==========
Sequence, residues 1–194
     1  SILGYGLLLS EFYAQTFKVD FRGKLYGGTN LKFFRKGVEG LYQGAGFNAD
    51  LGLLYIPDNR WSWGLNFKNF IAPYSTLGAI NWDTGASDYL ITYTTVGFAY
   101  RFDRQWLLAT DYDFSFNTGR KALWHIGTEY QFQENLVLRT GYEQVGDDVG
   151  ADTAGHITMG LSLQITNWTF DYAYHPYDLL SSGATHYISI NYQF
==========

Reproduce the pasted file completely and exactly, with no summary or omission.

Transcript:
Sequence, residues 1–194
     1  SILGYGLLLS EFYAQTFKVD FRGKLYGGTN LKFFRKGVEG LYQGAGFNAD
    51  LGLLYIPDNR WSWGLNFKNF IAPYSTLGAI NWDTGASDYL ITYTTVGFAY
   101  RFDRQWLLAT DYDFSFNTGR KALWHIGTEY QFQENLVLRT GYEQVGDDVG
   151  ADTAGHITMG LSLQITNWTF DYAYHPYDLL SSGATHYISI NYQF